Colin Arthur Bryant and the third child.

I don’t do this. Reblogging I mean. At least NOT my own posts…but you see today is Dad’s 105th birthday.

Three years ago I awoke early on the 13th of April and words poured out of me. Like the molten steel you see running down in to a mould, burning, shining, a completely unstoppable river that once cooled within will form a weapon. That post became my weapon you see. After a lifetime, it sliced effortlessly through the things that guarded my past and held me captive behind a solid door of emotion.

I love my Dad. I loved him growing up. But ours was a tumultuous relationship. Because as deep as my loving was, my understanding of him was shallow. Colin Arthur Bryant was not a sharer. I know that. Yet I was luckier than most in our family. I saw more than the others, but even with that I grew up knowing that I would never be able to say I really knew my Dad.

It has become important to me that my children will never think that of me. Some may say that I over share. I understand their view. I also disagree. Through the circumstances of my life I grew up knowing neither my Dad or my Mum well. I can’t tell you their favourite colour, what smells reminded them of moments they had lived, what their joys were or what their sorrows were. I know nothing of why they once loved each other or why their love became so twisted and full of emotions that drove them to acts I neither know if they regretted or were glad of their doing.

So words have become my path to a future for my children that will enable then to say…this was my Mum. I knew her well !

Again I digress. A habit I am not sure I want to break as it often leads me in to places I had forgotten existed. As I age I feel a growing fondness for finding places that lay hidden in the recesses of my mind and my memories, if only for the lessons that each journey has had, and possibly still has for me.

Time though to revisit Colin. I had thought to write a post today for the celebration of the day he was born. Instead I found myself drawn back three years to this post. I realised that this post had said everything I want to say about the man I called Dad and the years in which he graced my life.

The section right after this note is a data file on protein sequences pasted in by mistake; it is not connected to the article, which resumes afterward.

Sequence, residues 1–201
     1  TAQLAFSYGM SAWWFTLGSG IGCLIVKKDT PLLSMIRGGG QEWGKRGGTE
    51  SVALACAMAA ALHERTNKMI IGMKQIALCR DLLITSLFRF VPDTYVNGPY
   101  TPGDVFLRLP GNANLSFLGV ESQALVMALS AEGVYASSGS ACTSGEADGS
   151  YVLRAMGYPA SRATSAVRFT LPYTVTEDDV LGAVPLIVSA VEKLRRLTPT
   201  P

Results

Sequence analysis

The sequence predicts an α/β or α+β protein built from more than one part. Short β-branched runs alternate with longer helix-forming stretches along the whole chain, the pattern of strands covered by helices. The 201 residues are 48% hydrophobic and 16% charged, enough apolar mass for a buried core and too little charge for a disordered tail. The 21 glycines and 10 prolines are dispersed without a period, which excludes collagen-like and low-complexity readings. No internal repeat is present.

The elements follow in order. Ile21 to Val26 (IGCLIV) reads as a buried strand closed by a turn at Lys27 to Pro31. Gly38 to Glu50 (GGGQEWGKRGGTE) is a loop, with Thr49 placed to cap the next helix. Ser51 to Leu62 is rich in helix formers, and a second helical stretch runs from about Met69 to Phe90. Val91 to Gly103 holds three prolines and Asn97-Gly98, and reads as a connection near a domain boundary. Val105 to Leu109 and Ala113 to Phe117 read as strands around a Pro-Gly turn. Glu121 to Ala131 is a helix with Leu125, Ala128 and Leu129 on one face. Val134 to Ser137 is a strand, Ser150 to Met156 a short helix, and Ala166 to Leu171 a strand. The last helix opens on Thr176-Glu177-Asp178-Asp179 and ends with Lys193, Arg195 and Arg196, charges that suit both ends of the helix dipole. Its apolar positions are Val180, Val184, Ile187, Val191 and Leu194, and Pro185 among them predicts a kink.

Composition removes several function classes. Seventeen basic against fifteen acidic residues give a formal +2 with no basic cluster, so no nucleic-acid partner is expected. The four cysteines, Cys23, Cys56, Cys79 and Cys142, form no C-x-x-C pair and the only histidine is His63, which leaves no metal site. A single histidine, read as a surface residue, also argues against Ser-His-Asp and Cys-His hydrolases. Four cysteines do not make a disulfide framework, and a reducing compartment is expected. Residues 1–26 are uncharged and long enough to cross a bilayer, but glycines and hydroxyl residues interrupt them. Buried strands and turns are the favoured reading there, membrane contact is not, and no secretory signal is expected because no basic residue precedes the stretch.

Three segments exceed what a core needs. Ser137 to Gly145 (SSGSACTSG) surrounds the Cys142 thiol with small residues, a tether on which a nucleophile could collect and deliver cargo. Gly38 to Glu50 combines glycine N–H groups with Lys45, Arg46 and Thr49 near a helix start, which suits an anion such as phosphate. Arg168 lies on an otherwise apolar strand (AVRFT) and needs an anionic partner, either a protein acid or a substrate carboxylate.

I cried today reading it as much as I did the day I wrote it. Both for the possibilities that were grasped and for the ones abandoned and lost between us over the years. Those tears are good tears…the healing kind.

With all this…I still feel an ache that has never diminished.

So to Colin I say this:

“Happy birthday Dad. I know that you did the best you could with what you had. I am grateful for that. I am grateful for you. I miss you no less with each passing year. I will love you no less on the day I die than I did on the day you passed from my life. I feel you in each step I take forward.
Your loving daughter,

I hope you will have the time to visit fully with my Dad. Get to know him as much…or as little…as I did…in my post from three years ago. That is of course if you haven’t seen it before.

Chronicles of Illusions

One hundred and two years ago Caroline Ada Bryant had a baby boy on this day. Her second child, also her second son.

She named him Colin Arthur Bryant.

As a young boy Colin had hydatids. Maybe that’s why he was a little iffy around animals. His body bore scars from where they had operated to get the small sacs off, and save his life.

He married twice.

His first wife died after they had a son and a daughter.

Colin & Mary Bryant (c) Jo Bryant

His second ran off with a no-hoper from the circus after she had a daughter.

He carried that scar with him for the rest of his life as well.

Once a month until the third child was twelve he came to wherever she lived for his visit. He was always dressed in grey pants with a crease down the legs, a grey jacket, white long sleeved shirt and tie.


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  1. I hadn’t read it before so I went back to the original post and it brought me to tears. It was very emotional, and I love the fact that you were so honest. I agree you have to be very open with your children so they know the real you.
    I felt like I went through it with you and I hope your dad has found some peace now.


    1. I like to believe he has. He wasn’t a bad man, just very closed about himself. Because of that I have always felt I didn’t really know him, and that is the one thing I want to know my kids know – me.


    1. Different…I have been called worse Gemma.
      It is an emotional day for me this day. I always think of Dad. I always miss him. I always know he did the best he could. So…like the guy said in Babe…that’s enough !


      1. Different was a good thing. It’s hard to read everything that comes across the emails, blogs, and all. Sometimes you have to pick and choose. I choose you. πŸ™‚
        Hold on to the memories. xxx


  2. Your dad had a rather tragic life, Jo. Some ghosts we can never fully lay to rest. I’m the same with my dad. I know there was a lot more to know about him, but he was also not a sharer.


    1. I wonder if he thought he was protecting me from it all. But even that is speculation on my part. That is why – even if it might be a little painful to admit to – I no longer keep anything back.


  3. I have not read this post from three years back so I went there. Sigh! We love our parents “just because” and “in spite of.” Lovely tribute!


    1. Thanks. Yes we do. I think that especially once you become a parent yourself you finally begin to realise they didn’t have all the answers. I know I don’t…heck half the time I don’t understand the question.


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